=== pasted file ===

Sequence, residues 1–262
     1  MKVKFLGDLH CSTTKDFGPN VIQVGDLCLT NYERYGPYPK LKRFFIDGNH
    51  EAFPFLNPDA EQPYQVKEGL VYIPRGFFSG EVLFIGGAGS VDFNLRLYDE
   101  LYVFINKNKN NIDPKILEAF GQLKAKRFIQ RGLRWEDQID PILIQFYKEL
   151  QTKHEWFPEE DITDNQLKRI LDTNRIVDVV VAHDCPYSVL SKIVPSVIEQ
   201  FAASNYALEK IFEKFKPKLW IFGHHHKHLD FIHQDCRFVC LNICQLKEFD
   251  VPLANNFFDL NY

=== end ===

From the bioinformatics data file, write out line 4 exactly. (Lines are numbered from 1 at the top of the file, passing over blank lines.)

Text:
   101  LYVFINKNKN NIDPKILEAF GQLKAKRFIQ RGLRWEDQID PILIQFYKEL